1849 Cowperthwait Map of New York

NYsm-m-50
$325.00
New York
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1849 Cowperthwait Map of New York

NYsm-m-50


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Title


New York
  1849    13 x 16 in (33.02 x 40.64 cm)

Description


This hand colored map is a copper plate engraving, dating to 1850 by the legendary American Mapmaker S.A. Mitchell, the elder. It represents New York. This historically important map is extremely rare as it existed only in the 1849 edition of the Mitchell's Universal Atlas. This map also contains facts about the Erie Canal and Steam-Boat Routes which leave New York State. Political boundaries as well as major rivers, territories, and counties are carefully labeled. Also included are major canals, explorer's routes, roads, trading posts, and extant & proposed railroads. Further, all notable mountains, passes, and even important trading posts are labeled, as are bodies of water, rivers, mountains, islands, and sub regions. Most major national and local political distinctions are outlined and defined by vibrant color: reds, greens, yellows & browns. This map is dated and copyrighted, 1849.

Cartographer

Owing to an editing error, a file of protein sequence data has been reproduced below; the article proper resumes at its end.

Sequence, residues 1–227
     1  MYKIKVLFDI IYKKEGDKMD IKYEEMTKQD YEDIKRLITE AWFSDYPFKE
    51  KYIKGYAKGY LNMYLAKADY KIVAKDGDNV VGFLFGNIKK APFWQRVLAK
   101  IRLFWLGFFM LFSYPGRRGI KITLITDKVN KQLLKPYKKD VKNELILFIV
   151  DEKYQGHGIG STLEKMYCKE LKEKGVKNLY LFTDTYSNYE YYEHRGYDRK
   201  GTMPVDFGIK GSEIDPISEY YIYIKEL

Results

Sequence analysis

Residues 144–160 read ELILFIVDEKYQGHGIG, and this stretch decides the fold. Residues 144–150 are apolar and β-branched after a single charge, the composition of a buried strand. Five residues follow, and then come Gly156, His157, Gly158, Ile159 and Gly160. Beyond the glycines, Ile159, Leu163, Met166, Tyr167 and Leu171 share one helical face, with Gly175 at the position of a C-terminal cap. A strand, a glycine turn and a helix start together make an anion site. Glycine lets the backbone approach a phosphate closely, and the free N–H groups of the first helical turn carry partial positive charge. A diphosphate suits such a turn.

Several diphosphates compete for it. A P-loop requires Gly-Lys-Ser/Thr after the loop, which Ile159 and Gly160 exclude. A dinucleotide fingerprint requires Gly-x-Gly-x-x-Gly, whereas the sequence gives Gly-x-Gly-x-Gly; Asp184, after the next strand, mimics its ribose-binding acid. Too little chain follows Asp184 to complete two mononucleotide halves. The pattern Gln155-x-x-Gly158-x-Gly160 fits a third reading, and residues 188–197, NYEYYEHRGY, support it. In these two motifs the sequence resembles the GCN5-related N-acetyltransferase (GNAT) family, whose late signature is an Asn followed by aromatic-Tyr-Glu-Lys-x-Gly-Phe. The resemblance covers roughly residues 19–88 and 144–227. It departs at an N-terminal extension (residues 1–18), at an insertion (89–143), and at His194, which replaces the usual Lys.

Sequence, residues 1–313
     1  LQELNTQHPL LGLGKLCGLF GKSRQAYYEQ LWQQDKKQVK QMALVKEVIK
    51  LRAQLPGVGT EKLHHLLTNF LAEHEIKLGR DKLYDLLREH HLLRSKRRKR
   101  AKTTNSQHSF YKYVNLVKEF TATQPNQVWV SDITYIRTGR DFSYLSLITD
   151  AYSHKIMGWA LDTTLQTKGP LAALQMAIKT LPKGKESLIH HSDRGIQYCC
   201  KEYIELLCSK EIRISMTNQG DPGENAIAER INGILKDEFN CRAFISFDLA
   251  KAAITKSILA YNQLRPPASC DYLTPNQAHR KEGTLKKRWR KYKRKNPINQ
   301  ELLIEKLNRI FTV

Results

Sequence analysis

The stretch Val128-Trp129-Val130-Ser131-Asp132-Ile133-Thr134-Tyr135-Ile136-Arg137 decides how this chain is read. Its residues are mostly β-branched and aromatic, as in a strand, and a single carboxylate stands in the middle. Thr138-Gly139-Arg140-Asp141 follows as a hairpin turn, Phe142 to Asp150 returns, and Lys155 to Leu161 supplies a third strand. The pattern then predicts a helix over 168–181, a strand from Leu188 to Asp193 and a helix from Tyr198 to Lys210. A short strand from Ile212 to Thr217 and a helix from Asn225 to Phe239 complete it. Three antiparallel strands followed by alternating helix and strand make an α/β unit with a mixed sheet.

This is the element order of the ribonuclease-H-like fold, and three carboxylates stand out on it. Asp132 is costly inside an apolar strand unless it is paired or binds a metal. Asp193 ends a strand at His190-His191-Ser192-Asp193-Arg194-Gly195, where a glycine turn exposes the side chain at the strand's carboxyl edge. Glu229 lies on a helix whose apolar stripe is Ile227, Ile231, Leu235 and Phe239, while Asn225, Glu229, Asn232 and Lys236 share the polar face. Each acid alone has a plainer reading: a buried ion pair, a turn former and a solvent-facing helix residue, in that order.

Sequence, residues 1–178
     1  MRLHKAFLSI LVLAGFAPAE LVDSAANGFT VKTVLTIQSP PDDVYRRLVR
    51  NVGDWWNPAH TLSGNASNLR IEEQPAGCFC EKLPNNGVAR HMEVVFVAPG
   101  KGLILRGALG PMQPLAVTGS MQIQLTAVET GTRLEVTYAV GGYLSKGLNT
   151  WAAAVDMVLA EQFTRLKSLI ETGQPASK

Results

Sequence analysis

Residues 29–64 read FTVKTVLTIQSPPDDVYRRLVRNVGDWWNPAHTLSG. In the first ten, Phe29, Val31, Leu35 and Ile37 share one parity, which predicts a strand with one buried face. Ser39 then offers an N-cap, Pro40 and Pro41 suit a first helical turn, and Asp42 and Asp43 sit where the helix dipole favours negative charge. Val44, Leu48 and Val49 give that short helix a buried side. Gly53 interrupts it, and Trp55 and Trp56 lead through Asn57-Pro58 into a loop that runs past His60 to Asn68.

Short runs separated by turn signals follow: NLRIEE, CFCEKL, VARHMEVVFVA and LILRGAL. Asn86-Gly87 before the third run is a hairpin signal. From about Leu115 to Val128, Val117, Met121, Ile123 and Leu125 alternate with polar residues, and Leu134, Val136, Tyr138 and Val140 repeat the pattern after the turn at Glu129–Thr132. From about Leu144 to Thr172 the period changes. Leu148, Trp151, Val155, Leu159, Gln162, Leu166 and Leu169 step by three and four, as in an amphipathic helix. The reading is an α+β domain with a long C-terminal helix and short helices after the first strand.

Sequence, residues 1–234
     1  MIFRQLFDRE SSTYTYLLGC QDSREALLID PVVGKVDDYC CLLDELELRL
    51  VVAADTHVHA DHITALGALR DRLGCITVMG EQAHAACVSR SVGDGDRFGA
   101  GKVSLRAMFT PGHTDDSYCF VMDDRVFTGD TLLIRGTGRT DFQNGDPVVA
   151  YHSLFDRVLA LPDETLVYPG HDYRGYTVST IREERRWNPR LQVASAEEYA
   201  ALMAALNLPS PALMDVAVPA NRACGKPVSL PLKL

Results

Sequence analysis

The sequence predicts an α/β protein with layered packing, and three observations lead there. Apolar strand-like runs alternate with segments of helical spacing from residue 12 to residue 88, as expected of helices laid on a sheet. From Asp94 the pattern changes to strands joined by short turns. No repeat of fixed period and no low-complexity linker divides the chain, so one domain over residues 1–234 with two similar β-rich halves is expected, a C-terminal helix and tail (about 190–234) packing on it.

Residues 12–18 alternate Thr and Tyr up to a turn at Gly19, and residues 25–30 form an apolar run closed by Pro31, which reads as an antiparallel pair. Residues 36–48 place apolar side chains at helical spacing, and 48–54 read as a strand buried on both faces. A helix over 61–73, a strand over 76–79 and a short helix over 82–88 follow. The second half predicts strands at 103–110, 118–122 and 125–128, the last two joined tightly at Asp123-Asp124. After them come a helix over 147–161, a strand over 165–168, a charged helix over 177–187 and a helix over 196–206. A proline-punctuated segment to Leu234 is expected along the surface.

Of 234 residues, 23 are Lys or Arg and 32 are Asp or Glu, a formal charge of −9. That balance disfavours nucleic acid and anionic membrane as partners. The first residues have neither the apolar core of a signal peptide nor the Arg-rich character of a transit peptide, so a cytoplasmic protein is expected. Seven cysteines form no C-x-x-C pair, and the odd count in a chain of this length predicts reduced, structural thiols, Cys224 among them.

Samuel Augustus Mitchell (March 20, 1792 - December 20, 1868) Senior began his map publishing career in the early 1830s. Having worked as a school teacher, Mitchell was frustrated with the low quality and inaccuracy of school texts of the period. His first maps were an attempt to rectify this problem. In the next 20 years Mitchell would become the most prominent American map publisher of the mid-19th century. Mitchell worked with prominent engravers J. H. Young, H. S. Tanner, and H. N. Burroughs before attaining the full copyright on his maps in 1847. In 1849 Mitchell teamed up with printer Cowperthwait & Company to produce the Mitchell's Universal Atlas and the Mitchell's General Atlas. In the late 1850s most of the Mitchell copyrights were bought by Desilver and Co. who continued to publish his maps, many with modified borders and color schemes, until Mitchell's son, Samuel Augustus Mitchell Junior, entered the picture. S.A. Mitchell Jr. purchased most of the copyrights back from Desilver and, from 1860 on, published his own New General Atlas. The younger Mitchell became as prominent as his father and published atlases well into the late 1880s when most of the copyrights were again sold and the Mitchell firm closed its doors for the final time.

Condition


Very good condition.